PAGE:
Perhaps there are times when, like the disciple in the story, everything seems too much and we feel we cannot go on. Our Lord Himself knows all about this. During the Stations of the Cross we meditate on His falling three times on His way to Calvary. Jesus fell under the weight of the cross, under the weight of our sins, so He knows best of all how heavy the cross is. However, each time He got up and continued His journey. Jesus also knew what it was to accept the help of others; Simon of Cyrene physically carried the cross and the presence of His Mother Mary consoled Him on His journey. Sometimes we too need to allow ourselves to be helped by others.

Becoming Mature Christians
The weight of the cross shows the weight of God’s love because Jesus bore everything due to His love for us. The cross has not only set us free, purchasing forgiveness and healing, but also offers us the possibility of a totally new life. God loves us too much to leave us as we are, so He is continually at work in our lives, through the cross, to transform us into saints. If we accept the work of the cross in our lives we can be progressively liberated from self-centred and destructive ways of living.

The Bible, in Hebrews chapter 12, reminds us that God our loving Father makes use of suffering as part of our training. He does this to make us mature, so that we might share in His own holiness. It promises that our suffering will ultimately bear fruit in peace and goodness if we remain with the Lord (Hebrews 12:1-13).

Eternal Glory
The most wonderful news is that the weight of the cross gives way to something much greater- the weight of the resurrection! Our troubles and sufferings, which will soon be over, are preparing us to carry a much greater weight, the weight of eternal glory! St Paul tells us that “For this slight momentary affliction is preparing us for an eternal weight of glory beyond all measure” (2 Corinthians 4:17).

Imagine a weight lifter building up his strength in training. He uses lesser weights to build up his strength. Over time he is able to bear a much greater weight. So it is with us, God makes use of trials to mature us and prepare us to receive the full weight of eternal glory, not just in heaven but even in this life we can taste the peace and joy of the risen Jesus. Jesus has conquered sin and death, through His cross and resurrection everything is transformed, even our sufferings, for now we see them in an eternal perspective.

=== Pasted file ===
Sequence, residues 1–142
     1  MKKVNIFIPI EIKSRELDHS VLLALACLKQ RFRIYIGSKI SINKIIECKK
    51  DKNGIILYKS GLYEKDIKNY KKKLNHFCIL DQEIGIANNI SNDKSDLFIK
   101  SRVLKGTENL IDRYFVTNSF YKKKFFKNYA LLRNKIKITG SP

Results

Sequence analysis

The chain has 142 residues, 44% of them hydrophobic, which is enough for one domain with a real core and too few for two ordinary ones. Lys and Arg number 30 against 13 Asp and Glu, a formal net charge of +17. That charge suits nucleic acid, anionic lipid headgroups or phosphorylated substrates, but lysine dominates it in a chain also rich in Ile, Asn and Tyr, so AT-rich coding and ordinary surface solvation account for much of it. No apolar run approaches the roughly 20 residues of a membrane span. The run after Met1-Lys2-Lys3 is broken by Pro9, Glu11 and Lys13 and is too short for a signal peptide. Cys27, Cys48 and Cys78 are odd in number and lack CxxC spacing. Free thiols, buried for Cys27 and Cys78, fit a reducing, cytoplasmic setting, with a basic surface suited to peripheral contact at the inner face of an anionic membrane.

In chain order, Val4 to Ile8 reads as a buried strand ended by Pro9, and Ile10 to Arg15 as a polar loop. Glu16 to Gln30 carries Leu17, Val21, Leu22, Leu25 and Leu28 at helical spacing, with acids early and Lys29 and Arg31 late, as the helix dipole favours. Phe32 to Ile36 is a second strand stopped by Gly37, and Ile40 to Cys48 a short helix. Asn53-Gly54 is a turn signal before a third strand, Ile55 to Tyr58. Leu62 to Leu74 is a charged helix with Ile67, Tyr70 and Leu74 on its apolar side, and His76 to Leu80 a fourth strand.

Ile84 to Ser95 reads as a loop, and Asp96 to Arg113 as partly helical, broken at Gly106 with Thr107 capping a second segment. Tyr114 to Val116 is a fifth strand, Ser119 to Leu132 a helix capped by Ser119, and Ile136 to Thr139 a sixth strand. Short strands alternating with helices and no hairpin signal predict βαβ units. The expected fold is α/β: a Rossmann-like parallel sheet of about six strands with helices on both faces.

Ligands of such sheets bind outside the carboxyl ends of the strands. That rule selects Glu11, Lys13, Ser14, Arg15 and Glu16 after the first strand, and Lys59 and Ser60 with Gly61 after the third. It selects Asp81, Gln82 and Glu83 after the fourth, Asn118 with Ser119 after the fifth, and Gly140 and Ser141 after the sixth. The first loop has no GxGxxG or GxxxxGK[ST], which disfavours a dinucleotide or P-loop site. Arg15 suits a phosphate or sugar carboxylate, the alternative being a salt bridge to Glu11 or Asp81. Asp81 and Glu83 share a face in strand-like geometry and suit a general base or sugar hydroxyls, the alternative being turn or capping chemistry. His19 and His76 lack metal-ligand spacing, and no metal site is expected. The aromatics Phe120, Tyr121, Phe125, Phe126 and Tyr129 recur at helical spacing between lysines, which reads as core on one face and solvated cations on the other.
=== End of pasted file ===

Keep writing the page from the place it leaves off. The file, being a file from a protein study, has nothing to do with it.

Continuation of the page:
Lord Jesus, help me to take up my cross every day and follow you. When I fall under the weight of the cross please give me the strength to get up again. Help me also to accept the help of others on my journey of faith. I praise you Lord that you are using my trials to mold me and prepare me for eternal glory with you. Amen.

-by Alex Heath, the Adviser for Adult Faith Formation, Catechetic and Chaplaincy in the Northampton Diocese in the UK

March 2019 – Editorial

The message of the entire Bible gives us encouragement because it is a depiction of God’s love for us. It contains the promise that God has a wonderful plan for us. It’s reassuring to know that God’s love and mercy for those created in His image is never ending! “I give them eternal life, and they will never perish. No one will snatch them out of my hand. What my Father has given me is greater than all else, and no one can snatch it out of the Father’s hand” (John 10:28-29). What an encouragement to anyone who has ever had doubts about their salvation and God’s love!

He understands that we are weak and fragile. In His love, He reassure us that His grace is sufficient for us. “The Lord, your God, is in your midst, a warrior who gives victory; he will rejoice over you with gladness, he will renew you in his love; he will exult over you with loud singing” (Zephaniah 3:17). Imagine hearing the voice of God, singing over you!

In this issue, we meet a God who is greater than all the problems we face and how we can turn our disappointments into becoming a true disciple and what God has to say about our feeling of guilt and shame. Happy reading!